1998-1999: Van Gaal’s flawed genius
Cruyff had ‘Hispanised’ the club in the late eighties; by integrating Catalonian youngsters from La Masia, such as Guardiola and Txiki Begiristan, into the starting XI. Conversely, Van Gaal felt that his fellow countrymen possessed a better understanding of his controlled system, which was now commonplace throughout the Eredivise. With Nunez convinced that Van Gaal’s vision could deliver European success, the Barcelona president backed his coach during the transfer market. The club’s investment allowed Van Gaal to continue his ‘Dutchification’ of the Catalan club. Hristo Stoichkov had returned to his native Bulgaria the previous January and he was joined by Christophe Dugarry and Ivan la Pena during the summer transfer window. The Catalan’s departing stars were replaced by an influx of Dutchmen; including Kluivert, Boudewijn Zeden and Phillip Cocu in July, before Frank and Ronald de Boer arrived from Ajax the following January.
While Van Gaal’s first season was blighted by the team’s stagnant possession-based approach, as the Dutchman struggled to implement his tactical system without a settled deep-lying playmaker; Barcelona’s style of play improved during the Dutchman’s second season, as Guardiola was fit for the majority of the campaign. Van Gaal’s Barcelona generally lined up in 3-4-3 formation with Guardiola at the base of a diamond in midfield. Guardiola would routinely drop into defence to transform the side’s shape into a 4-3-3, before carrying the ball into midfield. Van Gaal believed that the extra time and space afforded in deeper positions would allow the Spaniard to observe the flow of the match before starting attacks as a ‘regista’. The two men were football fanatics and routinely discussed Barcelona’s tactical approach. Guardiola understood Van Gaal’s obsession with control, and would later become captivated by preventing counter-attack during his stint managing Bayern Munich. Similarly, Van Gaal marvelled at Pep’s reading of the game and appreciation of space. The relationship between Barcelona’s coach and their captain gave Van Gaal a voice on the pitch and contributed to their improved domestic performances. The Catalan’s retained their La Liga crown; scoring more goals and conceding fewer than their previous campaign. In La Liga, Barcelona were displaying the combination of control and flair their fan’s had expected under Van Gaal.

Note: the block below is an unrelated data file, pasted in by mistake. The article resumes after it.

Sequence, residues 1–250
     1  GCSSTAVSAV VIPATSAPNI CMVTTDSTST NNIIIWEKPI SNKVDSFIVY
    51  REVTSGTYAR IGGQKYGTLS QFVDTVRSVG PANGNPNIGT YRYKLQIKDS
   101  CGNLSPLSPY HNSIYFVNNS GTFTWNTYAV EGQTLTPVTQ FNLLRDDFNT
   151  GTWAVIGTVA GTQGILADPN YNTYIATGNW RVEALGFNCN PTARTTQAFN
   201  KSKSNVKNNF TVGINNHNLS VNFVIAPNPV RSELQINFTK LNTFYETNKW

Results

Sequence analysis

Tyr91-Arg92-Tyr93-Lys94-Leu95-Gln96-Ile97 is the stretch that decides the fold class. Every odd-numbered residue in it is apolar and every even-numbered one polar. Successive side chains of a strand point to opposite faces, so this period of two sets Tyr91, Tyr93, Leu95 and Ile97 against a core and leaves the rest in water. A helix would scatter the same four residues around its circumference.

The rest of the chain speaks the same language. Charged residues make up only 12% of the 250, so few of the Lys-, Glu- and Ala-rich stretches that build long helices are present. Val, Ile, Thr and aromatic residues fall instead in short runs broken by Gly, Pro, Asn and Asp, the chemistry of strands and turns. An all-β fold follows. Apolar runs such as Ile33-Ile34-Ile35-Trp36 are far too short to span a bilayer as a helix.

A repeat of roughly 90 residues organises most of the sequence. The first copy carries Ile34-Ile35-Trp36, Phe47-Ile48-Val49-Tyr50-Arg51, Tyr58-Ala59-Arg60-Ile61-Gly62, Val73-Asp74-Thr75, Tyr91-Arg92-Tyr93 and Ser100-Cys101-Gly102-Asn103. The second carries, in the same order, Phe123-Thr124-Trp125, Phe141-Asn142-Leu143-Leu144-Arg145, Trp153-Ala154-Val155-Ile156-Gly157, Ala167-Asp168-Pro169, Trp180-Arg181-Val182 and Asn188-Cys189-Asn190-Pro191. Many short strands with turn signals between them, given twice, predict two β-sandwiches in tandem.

Despite their domestic success, for the second successive season, the club’s season was marred by their failure in Europe. Barcelona were drawn in a tough Champions League group alongside Manchester United and Bayern Munich. The Catalans were remarkably consistent, defeating Brondby IF 2-0 home and away, twice drawing 3-3 with United and losing both encounters with Bayern by a single goal. Barcelona exited the Champions League at the group stage for the second successive season.
Furthermore, their draws against Manchester United had highlighted a persistent issue with Van Gaal’s system. During 1998/99 Barcelona often scored freely; led by a combination of their attacking quartet, Kluivert, Figo, Rivaldo and Ronald de Boer. However, their often top-heavy formation meant they were often susceptible to direct attacking moves. In the side’s stalemate at the Camp Nou, Manchester United were more than happy to play long balls towards Andy Cole and Dwight Yorke; bypassing Barcelona’s high press. While Manchester United’s wingers, Jesper Blomqvist and David Beckham, pushed forward to stretch Barcelona’s defence; Cole and York’s clever movement pulled their centre-backs apart, creating openings for all three of United’s goals. The club were beginning to question Van Gaal’s approach, despite their improved domestic performances, as he was brought in to deliver tangible European success.